Friday, March 9, 2007

Web Communication Trends

In my position at MediaSauce, we are consistently asked to give presentations on the future of technology, web trends, and digital communication efforts. If you are reading anything in the news about the future of communication, you are seeing references to Web 2.0. The advances by Google, YouTube, social networking sites, streaming technology, RSS, Wikipedia, and many others are changing the way we communicate.

It won't be long until our communication vehicles all come with a screen. I recently read a blurb from Bill Gates indicating that text books will become a thing of the past. Students of all ages will have some type of personal gadget that will allow them to get everything online. Television as we know it today will probably become extinct and instead, tens of thousands of TV-like "channels" will be available on line. Billboards in Cincinnati are now digital. It won't be long until every car comes with a GPS and it will be able to target advertising specific to your interests. What will vary the most is the size of your screen.

As soon as one dares to post trends or best practices, things will be different. But for right now, give some thought to these suggestions as you develop your websites and digital communication messages.

  • Clean, simple design -- Don't clutter up every inch of space. Think about the value of white space just as you would in print materials
  • Strong, bold brand image -- Let the world know who you are.
  • Use graphics -- A picture can tell a thousand words. Let it. Don't list 1000 words of text.
  • Easy navigation -- Direct the user where to go. Don't make them guess where something is on your page. Spend the time developing an organized site map. Make the site map avialable so if someone has a specific need, he can find it immediately
  • Utilize a search engine -- A must!
  • Provide accessible resources -- As a link. Resist the urge to post every single thing about your organization. If someone needs to find something with greater detail, let them know how or provide ways for them to delve into deeper information.
  • Design material for the web -- Spend the time and money to develop things for the web and avoid putting things in PDFs.


  • Be Realistic
  • Engage the user -- Have the user be a participant by viewing videos, downloading widgets, listening to podcasts, etc.
  • Tell a compelling story -- No one wants to be bored!
  • Change information frequently -- No one wants to come back and see the same information is there weeks/months/years later.
  • Call the user to action to experience more -- Provide contact forms, blogs, response devises. Allow the user to interact.
  • Feature real people -- Provide video testimonials, use candid photos rather than stock photos, use bloggers to post realistic experiences, etc.
Face-to-Face Connections
  • Find a way for users to connect with other like-minde people
  • Provide social networking opportunities
  • Feature audio and video podcasts
  • Provide streaming video
  • Use blogs
  • Develop virtual learning opportunities
  • Develop a public site and a private password protected site
  • Create community!

The web has really become a new community. Everyone can find other people they relate to and share things in common. Your website can be an extension of your organization but make it inviting and engaging. It should be more than a source for information. It should provide value and benefit for participants.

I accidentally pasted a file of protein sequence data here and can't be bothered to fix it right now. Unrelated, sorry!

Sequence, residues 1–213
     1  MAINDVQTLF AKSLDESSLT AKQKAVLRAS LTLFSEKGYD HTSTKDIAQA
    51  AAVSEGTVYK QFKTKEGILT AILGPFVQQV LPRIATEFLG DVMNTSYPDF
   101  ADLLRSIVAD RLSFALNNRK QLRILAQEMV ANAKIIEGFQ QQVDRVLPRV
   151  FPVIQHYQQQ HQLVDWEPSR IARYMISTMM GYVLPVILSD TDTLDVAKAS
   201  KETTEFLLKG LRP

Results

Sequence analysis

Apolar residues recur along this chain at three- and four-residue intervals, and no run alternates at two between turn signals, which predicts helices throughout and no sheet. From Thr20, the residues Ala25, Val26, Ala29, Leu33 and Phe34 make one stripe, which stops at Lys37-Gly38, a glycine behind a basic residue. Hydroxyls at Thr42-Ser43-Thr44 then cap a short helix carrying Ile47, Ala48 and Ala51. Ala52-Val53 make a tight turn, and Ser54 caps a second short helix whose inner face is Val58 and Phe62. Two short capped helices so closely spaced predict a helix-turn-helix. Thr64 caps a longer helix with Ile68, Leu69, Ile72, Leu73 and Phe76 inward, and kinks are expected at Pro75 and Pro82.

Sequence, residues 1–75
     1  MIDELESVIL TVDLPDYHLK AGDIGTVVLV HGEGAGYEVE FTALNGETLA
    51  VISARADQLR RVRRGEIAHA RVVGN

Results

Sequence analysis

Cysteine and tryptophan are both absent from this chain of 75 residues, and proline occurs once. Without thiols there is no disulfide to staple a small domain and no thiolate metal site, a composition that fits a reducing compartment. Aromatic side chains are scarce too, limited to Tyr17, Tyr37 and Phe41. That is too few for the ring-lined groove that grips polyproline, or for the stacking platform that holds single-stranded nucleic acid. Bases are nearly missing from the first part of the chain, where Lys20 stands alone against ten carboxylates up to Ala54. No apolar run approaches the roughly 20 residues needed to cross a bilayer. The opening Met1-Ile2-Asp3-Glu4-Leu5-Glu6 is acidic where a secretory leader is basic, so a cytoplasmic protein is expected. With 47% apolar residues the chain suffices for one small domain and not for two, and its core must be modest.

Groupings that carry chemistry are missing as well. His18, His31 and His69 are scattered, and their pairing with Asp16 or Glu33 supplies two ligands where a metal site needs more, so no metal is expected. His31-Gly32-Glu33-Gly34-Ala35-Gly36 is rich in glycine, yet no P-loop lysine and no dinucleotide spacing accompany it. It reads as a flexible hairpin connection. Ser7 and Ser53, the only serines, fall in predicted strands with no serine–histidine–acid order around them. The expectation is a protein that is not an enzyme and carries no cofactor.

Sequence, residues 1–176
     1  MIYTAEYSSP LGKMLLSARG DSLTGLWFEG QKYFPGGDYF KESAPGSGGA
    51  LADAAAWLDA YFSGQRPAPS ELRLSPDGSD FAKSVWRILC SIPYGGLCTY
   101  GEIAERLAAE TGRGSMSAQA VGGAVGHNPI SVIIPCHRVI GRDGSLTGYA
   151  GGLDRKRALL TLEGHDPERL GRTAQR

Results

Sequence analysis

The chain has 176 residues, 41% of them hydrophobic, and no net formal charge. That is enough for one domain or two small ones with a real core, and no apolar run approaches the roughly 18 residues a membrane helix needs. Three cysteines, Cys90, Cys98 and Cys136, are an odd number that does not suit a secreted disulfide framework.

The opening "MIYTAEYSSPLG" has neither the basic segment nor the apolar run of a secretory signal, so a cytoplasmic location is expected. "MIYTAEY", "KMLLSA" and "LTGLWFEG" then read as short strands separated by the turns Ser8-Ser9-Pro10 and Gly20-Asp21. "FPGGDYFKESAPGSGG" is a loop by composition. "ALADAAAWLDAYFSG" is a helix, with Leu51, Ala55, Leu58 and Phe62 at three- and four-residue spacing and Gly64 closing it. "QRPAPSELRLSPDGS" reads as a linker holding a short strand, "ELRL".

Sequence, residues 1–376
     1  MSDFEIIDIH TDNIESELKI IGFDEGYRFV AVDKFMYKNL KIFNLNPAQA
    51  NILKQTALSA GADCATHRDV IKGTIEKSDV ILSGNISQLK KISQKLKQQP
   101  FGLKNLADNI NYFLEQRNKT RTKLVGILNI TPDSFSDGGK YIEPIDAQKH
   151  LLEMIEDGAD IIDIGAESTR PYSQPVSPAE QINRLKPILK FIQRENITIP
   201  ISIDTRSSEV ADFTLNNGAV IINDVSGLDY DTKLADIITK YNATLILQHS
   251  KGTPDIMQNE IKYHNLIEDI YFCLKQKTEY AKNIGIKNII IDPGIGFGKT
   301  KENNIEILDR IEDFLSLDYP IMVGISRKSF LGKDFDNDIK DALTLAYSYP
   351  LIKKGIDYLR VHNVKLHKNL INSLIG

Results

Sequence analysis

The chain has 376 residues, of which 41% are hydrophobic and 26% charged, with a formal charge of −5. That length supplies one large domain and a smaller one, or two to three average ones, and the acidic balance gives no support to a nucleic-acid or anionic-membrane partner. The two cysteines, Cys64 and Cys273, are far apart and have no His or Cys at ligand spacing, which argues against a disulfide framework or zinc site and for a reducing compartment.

Take a look at websites that you like. Pay attention to those you don't like. Compare the two. Was one more interesting to look at? Was key information easy to locate? Did the search engine provide the results you were looking for? Did you get involved with the site? Would you go back? Did it provide useful tools?

Here's a few sites worth taking a look at:

Angie's List at is a membership-based site for you to get valuable information on home repair services. There is outstanding animated explanation of how Angie's List works, clear navigation, and extremely useful content, especially for those who are willing to pay the membership fee. And why wouldn't you? It is a good value.

Butler University's College of Business wanted to provide a realistic look at college life. They profiled two first-year students for their first semester at college through a 12-part "vodcast" (video podcast) series. It is fun, engaging, educational, interactive, and provies a realistic view of the first-year experience. Check out

Educating young people about peer pressure is an important goal. Above the Influence provides a great, creative website that truly engages the user. There is a lot of ways for participants to interact: quizzes, games, downloads, podcasts, dynamic flash content, photo galleries with the opportunity to send in photos, and useful educational material. Take a look at

If you don't know where or how to start, just ask people, particularly those who use your site. Measure the performance through a system such as Google Analytics to track the traffic, to assess which pages people are using, to determine what is the most useful content. If no one ever links to something, then why have it on the site? Clean it up.

Looking to take the next step? MediaSauce can help. We help businesses and organizations communicate their message in a powerful and effective way. We specialize in the use of emerging technology. Our creative and technical staff members are the best at what they do. And best of all, MediaSauce will be your partner. We will be as committed to your success as you are. For more information, go to and let us help you.

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